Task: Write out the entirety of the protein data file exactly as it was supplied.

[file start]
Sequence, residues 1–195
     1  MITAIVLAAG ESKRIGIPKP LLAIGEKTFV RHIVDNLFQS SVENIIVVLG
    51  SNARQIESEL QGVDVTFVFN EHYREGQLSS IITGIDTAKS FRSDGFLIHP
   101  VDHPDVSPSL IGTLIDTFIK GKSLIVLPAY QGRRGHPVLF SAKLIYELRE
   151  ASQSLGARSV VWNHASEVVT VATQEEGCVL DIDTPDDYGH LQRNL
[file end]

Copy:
Sequence, residues 1–195
     1  MITAIVLAAG ESKRIGIPKP LLAIGEKTFV RHIVDNLFQS SVENIIVVLG
    51  SNARQIESEL QGVDVTFVFN EHYREGQLSS IITGIDTAKS FRSDGFLIHP
   101  VDHPDVSPSL IGTLIDTFIK GKSLIVLPAY QGRRGHPVLF SAKLIYELRE
   151  ASQSLGARSV VWNHASEVVT VATQEEGCVL DIDTPDDYGH LQRNL